Officials of U.S. defense contractors have called on the Pentagon to expand capabilities to protect networks through radio frequency as adversaries may soon operate without the internet or become inaccessible through traditional, IP-based operations, FifthDomain reported Friday.
The military could conceivably only gain access to future adversaries using radio frequency, which will require expanded capabilities unlike missions with internet-connected systems that the U.S. Cyber Command already explored.
“Many targets may not be connected to any external networks or may function on dedicated land networks, which does not present an insurmountable barrier but does require very extensive intelligence development to cross,” Austin Long, senior political scientist at the Rand Corp., wrote in the book, “Bytes, Bombs and Spies: The Strategic Dimensions of Offensive Cyber Operations."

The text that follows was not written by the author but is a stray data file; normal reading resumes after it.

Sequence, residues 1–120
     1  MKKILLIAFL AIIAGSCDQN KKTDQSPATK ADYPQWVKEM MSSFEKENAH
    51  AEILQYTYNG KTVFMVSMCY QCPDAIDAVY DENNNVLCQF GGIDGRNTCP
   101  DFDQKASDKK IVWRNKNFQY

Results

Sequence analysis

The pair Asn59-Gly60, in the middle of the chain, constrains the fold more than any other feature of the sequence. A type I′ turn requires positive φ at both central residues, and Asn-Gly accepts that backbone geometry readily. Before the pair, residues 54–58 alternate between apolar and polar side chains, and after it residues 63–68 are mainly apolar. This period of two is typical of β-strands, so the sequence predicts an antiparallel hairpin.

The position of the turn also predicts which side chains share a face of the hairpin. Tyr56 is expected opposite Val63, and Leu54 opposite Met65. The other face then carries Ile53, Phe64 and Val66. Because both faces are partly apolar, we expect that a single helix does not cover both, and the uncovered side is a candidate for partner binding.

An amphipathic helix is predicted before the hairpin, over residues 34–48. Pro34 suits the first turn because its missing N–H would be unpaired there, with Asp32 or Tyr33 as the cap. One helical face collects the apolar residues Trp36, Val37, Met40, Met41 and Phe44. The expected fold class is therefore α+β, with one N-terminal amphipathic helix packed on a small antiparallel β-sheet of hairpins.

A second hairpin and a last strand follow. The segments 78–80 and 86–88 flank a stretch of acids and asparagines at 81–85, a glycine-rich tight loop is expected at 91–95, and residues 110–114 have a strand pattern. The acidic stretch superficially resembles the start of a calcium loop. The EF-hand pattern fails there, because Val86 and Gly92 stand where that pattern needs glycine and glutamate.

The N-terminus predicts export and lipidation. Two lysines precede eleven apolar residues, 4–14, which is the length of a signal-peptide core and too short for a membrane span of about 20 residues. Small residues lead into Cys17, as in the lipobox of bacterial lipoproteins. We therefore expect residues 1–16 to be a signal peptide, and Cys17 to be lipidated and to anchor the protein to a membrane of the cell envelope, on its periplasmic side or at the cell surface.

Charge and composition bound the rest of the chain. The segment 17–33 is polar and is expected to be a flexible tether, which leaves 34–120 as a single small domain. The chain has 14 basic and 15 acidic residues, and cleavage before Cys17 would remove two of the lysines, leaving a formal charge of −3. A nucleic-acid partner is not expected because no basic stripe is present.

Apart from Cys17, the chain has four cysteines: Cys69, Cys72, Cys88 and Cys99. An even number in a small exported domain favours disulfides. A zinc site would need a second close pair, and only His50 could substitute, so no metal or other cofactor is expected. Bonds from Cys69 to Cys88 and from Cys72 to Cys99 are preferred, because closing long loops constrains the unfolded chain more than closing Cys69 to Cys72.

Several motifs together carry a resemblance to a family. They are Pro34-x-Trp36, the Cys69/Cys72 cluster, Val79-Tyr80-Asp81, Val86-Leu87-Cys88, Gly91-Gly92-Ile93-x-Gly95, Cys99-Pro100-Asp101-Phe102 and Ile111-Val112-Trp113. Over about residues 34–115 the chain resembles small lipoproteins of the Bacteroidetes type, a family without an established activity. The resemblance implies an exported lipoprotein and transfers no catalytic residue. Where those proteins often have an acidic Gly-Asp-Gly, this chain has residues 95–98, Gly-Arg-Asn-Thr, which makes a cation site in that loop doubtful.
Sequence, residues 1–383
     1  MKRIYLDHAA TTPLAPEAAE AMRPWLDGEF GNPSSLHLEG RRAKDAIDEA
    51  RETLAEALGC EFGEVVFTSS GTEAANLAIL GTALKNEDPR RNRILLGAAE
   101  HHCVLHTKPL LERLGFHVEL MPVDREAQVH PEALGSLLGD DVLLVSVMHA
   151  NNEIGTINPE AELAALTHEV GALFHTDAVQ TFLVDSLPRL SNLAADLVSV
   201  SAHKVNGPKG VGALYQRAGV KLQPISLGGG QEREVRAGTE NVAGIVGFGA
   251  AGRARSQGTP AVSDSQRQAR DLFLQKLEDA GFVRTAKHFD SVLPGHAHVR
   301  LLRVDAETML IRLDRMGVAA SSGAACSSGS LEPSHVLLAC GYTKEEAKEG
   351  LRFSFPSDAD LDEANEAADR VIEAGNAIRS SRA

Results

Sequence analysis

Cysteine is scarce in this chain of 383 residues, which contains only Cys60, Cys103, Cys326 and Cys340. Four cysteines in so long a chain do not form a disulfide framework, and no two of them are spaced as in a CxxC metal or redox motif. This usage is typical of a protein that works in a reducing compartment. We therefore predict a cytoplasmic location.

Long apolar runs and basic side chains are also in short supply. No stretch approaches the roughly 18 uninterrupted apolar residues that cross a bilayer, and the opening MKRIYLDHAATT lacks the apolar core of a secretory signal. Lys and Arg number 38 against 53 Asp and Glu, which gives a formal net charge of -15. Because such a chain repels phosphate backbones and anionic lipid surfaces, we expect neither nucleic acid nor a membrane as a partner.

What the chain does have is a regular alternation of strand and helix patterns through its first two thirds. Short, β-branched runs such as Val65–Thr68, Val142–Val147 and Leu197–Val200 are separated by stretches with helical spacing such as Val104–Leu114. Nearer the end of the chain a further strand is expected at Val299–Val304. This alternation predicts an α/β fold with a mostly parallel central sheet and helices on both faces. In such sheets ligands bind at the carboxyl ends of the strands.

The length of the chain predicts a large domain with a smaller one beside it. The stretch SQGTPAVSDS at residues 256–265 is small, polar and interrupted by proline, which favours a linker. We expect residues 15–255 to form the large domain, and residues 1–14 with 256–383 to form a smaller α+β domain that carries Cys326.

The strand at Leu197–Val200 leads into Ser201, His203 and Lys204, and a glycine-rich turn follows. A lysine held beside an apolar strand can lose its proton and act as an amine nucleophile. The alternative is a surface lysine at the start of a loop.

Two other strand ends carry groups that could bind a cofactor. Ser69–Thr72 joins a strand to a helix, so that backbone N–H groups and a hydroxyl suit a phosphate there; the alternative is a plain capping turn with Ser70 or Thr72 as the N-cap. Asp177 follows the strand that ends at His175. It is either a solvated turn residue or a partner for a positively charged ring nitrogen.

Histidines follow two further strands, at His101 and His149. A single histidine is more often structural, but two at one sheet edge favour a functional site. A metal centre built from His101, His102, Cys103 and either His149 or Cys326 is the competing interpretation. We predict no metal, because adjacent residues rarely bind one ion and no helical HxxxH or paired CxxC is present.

Dean Clothier, director of cyber campaigns and resilience at Northrop Grumman, said the Pentagon should create a common interface standard to guide joint forces in cyber operations through electronic warfare platforms.
A Lockheed Martin executive said the company is working on attack access managers that could give access paths into specific closed target sets.